75_azad
Shri Narendra Modi
Shri Narendra Modi
Prime Minister of India
International Trade
Negotiating Group on Rules – Proposals on Implementation Related Issues and Concerns – Agreement on Subsidies
TN/RL/W/4 25 April 2002

Negotiating Group on Rules
(02-2386)
Original:English

PROPOSALS ON IMPLEMENTATION RELATED ISSUES AND CONCERNS

Agreement on Subsidies and Countervailing Measures
Anti-Dumping Agreement

Submission by India

Paragraph 12 of the Ministerial Declaration of the fourth Ministerial Conference of the WTO provides for implementation issues being addressed under the specific negotiating mandate provided in paragraph 28 of the Declaration. The proposals being made by India are not intended to be taken as exhaustive and India reserves its rights to make any additional proposal, including those in respect of implementation concerns being examined by the Committee on Anti-Dumping Agreement and the Committee on Subsidies and Countervailing Measures , as it may consider necessary.

A. Agreement on Subsidies and Countervailing Measures (ASCM)

Tirets 66, 70, 71, 75, 76 and 79 of document JOB (01)/152/Rev.1 dated 27 October 2001

  • The Marrakesh Agreement Establishing the WTO has recognized the need for positive efforts designed to ensure that developing countries and the least developed countries secure a share in the growth in international trade commensurate with the needs of their economic development. Furthermore, the WTO Members have, in provisions of Article 27, recognized that subsidies may play an important role in economic development of developing countries.
  • There are several disadvantages faced by industries in developing countries as compared to their counterparts in developed countries. Many of the export products in developing countries are produced by labour intensive, small and medium enterprises. Imposition of countervailing duties or even the threat of imposition of such duties has a serious adverse impact on the functioning of such units including fall in production, large unemployment, decline in incomes and increase in poverty levels. The high cost of capital, low level of infrastructure development, inadequate integration and organization of the economy, poorly developed information networks are characteristics of industry in developing and least developed countries. It has been recognized that the state has to assume a more active and positive role in assisting its industry.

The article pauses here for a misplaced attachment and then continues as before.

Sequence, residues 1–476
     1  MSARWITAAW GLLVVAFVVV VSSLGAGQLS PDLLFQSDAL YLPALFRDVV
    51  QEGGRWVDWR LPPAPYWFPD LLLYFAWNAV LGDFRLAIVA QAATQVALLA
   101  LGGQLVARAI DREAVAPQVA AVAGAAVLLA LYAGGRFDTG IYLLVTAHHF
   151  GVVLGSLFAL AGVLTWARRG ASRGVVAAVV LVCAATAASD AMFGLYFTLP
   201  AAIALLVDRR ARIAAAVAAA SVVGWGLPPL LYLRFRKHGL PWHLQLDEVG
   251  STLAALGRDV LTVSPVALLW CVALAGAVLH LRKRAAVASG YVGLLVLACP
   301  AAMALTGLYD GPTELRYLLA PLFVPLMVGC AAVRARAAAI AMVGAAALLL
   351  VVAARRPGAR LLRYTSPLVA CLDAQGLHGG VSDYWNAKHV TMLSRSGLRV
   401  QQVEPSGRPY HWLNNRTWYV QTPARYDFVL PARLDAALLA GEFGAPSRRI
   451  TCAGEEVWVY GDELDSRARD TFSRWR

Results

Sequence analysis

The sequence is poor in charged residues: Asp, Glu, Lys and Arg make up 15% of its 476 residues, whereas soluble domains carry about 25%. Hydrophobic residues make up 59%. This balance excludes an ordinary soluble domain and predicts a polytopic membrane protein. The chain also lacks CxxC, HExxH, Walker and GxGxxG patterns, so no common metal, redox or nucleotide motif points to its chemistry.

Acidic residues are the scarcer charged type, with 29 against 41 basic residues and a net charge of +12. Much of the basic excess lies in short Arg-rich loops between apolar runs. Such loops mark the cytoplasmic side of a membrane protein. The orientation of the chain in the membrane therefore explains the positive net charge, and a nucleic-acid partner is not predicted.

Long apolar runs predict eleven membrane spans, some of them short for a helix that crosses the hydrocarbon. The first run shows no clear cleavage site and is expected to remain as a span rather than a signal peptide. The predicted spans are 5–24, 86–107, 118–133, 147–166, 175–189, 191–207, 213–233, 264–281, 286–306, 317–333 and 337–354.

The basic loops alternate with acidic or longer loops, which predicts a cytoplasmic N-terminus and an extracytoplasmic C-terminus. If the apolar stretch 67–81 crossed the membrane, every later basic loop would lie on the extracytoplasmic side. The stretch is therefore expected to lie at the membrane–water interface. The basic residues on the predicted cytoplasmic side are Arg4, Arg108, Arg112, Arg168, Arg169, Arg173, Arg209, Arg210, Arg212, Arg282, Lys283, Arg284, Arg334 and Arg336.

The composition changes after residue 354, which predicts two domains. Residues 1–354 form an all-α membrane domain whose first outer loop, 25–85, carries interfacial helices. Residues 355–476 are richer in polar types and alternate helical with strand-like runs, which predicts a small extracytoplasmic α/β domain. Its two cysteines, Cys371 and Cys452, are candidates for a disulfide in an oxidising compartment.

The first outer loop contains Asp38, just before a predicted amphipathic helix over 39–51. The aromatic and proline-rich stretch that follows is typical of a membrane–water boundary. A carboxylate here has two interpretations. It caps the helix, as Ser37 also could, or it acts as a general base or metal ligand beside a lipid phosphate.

• In order to offset the many disadvantages that developing and least developed countries suffer from, the ASCM has provided for certain special and differential treatment for such countries. The experience since the establishment of the WTO has shown that these S&D provisions have been inadequate to meet the concerns of developing countries. To illustrate, although provisions of Article 27.10 and Article 27.11 provide for certain de minimis levels of subsidization and negligible level of volume of subsidized imports below which the countervailing duty investigation is required to be terminated in respect of a product originating in a developing country, these have been inadequate in ensuring that developing countries secure a share in the growth in international trade. This is in part due to the imposition of countervailing duties against products originating in developing countries in a large number of cases. Out of the 67 cases in which countervailing duty action was taken by various countries during the period 1 January 1995 to 30 June 2001, more than 65 per cent was against developing countries. This is disproportionate in relation to the share of such countries in international trade.